Making Caesar interesting and exciting to students can sometimes be a challenge for teachers used to a mythology or poetry background, particularly when confronted with passages about war. This can be especially difficult for students and teachers who have issues with the violence and arguably genocide Caesar commits as part of his campaigns in Gaul. While I can’t give any good advice there except to either avoid teaching it entirely or specifically make the unit about the horrors of war, I do have an idea about presenting a different aspect of war that more students can appreciate, and that is to focus on stratagems. War and conflict is often resolved as much by the use of intelligence and crafty tricks as by the use of force. The best strategies can resolve a conflict without the use of violence at all. Today I’d like to share some of the places you can find these stratagems as well as some of my personal favorites.
Sextus Iulius Frontinus is a treasure trove of these ideas and, as a bonus, he writes using somewhat Caesarian language. His book Strategmata was so influential it was required reading for generals through the 15th and 16th centuries until gunpowder and cannons radically changed how battles were fought. Better yet for a Latin teacher, Frontinus organizes his book by the kinds of ploys he found in history and then gives several paragraph length examples.
My first example is from the very beginning:
M. Porcius Cato devictas a se Hispaniae civitates existimabat in tempore rebellaturas fiducia murorum. Scripsit itaque singulis, ut diruerent munimenta, minatus bellum, nisi confestim obtemperassent, epistulasque universis civitatibus eodem die reddi iussit: unaquaeque urbium sibi soli credidit imperatum; contumaces conspiratio potuit facere, si omnibus idem denuntiari notum fuisset.
This is a great story because it shows how Cato used deception to convince all the cities in Spain to weaken themselves at the same time by making each one think they were the only one being compelled to do so.
In my second selection, also from Book 1, we learn of the clever method by which Duellius circumvented the underwater chain that the Syracusans were using to block access to their harbor.
C. Duellius consul in portu Syracusano, quem temere intraverat, obiecta ad ingressum catena clausus universos in puppem rettulit milites atque ita resupina navigia magna remigantium vi concitavit: levatae prorae super catenam processerunt. Qua parte superata transgressi rursus milites proras presserunt, in quas versum pondus decursum super catenam dedit navibus.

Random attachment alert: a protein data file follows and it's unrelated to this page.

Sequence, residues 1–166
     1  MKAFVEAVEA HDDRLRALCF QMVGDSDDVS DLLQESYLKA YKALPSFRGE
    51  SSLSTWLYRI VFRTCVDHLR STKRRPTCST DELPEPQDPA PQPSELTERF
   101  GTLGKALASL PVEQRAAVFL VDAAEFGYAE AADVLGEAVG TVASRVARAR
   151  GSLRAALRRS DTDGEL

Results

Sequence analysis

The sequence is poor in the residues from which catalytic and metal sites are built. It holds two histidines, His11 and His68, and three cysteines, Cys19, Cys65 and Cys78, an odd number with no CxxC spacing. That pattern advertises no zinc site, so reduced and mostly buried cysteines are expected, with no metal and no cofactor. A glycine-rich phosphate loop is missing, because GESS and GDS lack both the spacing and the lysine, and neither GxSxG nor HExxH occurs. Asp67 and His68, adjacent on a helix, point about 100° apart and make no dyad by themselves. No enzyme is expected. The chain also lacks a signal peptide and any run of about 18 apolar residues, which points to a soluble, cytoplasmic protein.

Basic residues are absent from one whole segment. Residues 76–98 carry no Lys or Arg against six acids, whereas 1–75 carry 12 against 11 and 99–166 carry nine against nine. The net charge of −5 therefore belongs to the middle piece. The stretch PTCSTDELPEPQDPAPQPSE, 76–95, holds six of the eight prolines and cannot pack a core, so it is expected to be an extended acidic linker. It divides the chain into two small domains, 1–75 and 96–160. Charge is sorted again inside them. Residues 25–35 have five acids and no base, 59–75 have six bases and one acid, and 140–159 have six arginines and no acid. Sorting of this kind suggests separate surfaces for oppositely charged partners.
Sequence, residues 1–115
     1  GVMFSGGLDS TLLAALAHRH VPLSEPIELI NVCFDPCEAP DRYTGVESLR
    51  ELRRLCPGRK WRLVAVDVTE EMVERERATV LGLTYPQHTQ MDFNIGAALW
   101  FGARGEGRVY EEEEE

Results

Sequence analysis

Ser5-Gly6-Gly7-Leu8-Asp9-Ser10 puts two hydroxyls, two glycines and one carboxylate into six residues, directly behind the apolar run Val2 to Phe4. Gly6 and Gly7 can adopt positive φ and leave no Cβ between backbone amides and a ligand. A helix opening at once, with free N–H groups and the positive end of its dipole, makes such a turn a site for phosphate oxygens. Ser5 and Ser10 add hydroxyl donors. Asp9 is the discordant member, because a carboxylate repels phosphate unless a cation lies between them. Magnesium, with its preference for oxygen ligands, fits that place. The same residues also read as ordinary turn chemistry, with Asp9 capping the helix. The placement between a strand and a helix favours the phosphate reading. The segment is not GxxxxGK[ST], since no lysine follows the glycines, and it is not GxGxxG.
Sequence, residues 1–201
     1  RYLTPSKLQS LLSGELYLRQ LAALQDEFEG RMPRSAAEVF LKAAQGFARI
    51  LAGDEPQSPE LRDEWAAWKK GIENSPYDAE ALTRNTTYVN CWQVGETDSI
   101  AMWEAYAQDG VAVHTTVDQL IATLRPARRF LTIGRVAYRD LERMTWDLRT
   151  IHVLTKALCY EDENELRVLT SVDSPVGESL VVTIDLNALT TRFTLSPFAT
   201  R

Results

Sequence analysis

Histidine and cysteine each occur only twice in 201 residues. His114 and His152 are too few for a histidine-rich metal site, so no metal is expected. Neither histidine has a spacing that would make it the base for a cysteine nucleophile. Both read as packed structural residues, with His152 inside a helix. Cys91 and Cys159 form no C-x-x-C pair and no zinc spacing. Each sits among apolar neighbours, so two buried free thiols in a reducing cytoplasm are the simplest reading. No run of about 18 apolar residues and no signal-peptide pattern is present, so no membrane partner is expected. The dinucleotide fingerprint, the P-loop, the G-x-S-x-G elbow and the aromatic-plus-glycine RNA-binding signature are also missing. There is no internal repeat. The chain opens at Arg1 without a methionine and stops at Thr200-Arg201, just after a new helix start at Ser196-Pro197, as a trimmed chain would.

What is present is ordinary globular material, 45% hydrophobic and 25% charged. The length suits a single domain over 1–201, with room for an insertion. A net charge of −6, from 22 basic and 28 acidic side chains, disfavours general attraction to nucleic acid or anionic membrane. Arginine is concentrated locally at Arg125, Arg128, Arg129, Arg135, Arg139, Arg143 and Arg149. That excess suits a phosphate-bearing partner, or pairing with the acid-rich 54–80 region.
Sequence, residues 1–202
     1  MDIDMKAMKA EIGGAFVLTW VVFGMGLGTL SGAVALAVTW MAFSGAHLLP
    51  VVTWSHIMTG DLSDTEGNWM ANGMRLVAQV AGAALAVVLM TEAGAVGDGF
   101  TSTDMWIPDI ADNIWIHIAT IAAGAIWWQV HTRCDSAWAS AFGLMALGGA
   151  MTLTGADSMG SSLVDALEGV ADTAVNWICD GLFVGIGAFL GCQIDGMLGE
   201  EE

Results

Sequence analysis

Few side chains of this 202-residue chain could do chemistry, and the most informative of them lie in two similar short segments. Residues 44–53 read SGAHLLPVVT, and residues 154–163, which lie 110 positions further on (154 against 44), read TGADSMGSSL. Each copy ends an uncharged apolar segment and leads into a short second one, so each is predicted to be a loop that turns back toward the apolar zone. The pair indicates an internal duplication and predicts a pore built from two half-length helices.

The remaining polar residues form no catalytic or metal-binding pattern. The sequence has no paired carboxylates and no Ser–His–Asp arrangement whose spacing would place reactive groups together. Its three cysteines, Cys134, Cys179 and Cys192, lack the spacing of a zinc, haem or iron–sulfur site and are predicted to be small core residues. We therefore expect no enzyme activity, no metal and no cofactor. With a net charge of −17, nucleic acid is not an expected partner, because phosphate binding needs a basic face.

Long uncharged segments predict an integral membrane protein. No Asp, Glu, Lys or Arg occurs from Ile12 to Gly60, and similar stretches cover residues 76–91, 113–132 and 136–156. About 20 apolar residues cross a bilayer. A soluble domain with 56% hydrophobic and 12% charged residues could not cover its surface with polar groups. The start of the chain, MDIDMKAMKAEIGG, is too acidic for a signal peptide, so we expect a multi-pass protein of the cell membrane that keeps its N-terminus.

Sometimes a general pretends to have less of a force than he actually does to trick someone into fighting a battle. Here’s an example from Book 2.
Memnon Rhodius navali proelio, cum haberet ducentarum navium classem et hostium naves elicere ad proelium vellet, ita ordinavit suos, ut paucarum navium malos erigeret easque primas agi iuberet: hostes procul conspicati numerum arborum et ex eo navium quoque coniectantes obtuleruntse certamini et a pluribus occupati superatique sunt.
I also like this tale from Book 3:
Hannibal apud Tarentum, quae a praesidio Romano duce Livio tenebatur,Cononeum quendam Tarentinum, quem ad proditionem sollicitaverat,eiusmodi fallacia instruxit, ut ille per causam venandi noctu procederet,quasi id per hostem interdiu non liceret. Egresso ipsi apros subministrabant,quos ille tamquam ex captura Livio offerret; idque cum saepius factum esset et ideo minus observaretur, quadam nocte Hannibal venatorum habitu Poenos comitibus eius immiscuit: qui cum onusti venatione, quam ferebant, recepti essent a custodibus, protinus eos adorti occiderunt. Tum fracta porta admissus cum exercitu Hannibal omnes Romanos interfecit,exceptis his, qui in arcem profugerant.
Here Hannibal uses a traitor within Tarentum to begin a habit of hunting at night with some friends. Once the guards get used to seeing him, they notice too late the night that Hannibal switches out Cononeus’ friends with his own soldiers!
And, lest you think that these only exist in Frontinus, my last example (slightly shortened to get to the best stuff) comes from Cornelius Nepos’ Vita Hannibalis 10-11, in which the famous general uses amphora full of snakes to cause a superior force to scatter!
Superabatur navium multitudine; dolo erat pugnandum, cum par non esset armis. Imperavit quam plurimas venenatas serpentes vivas colligi easque in vasa fictilia conici. 5 Harum cum effecisset magnam multitudinem, die ipso, quo facturus erat navale proelium, classiarios convocat hisque praecipit, omnes ut in unam Eumenis regis concurrant navem, a ceteris tantum satis habeant se defendere. Id illos facile serpentium multitudine consecuturos…Reliquae Pergamenae naves cum adversarios premerent acrius, repente in eas vasa fictilia, de quibus supra mentionem fecimus, conici coepta sunt. Quae iacta initio risum pugnantibus concitarunt, neque, quare id fieret, poterat intellegi. 6 Postquam autem naves suas oppletas conspexerunt serpentibus, nova re perterriti, cum, quid potissimum vitarent, non viderent, puppes verterunt seque ad sua castra nautica rettulerunt.
How to use these in class? There are several methods – in my own class I divide up the selections I think are the most interesting and then ask the students (singly or in groups) to read the selection that they’ve been given and summarize it in their own words to the class. They could also make posters or dioramas or videos, and this makes a great choice or challenge activity for a long-term project.
Have any great ideas? We’d love for you to share them in the comments!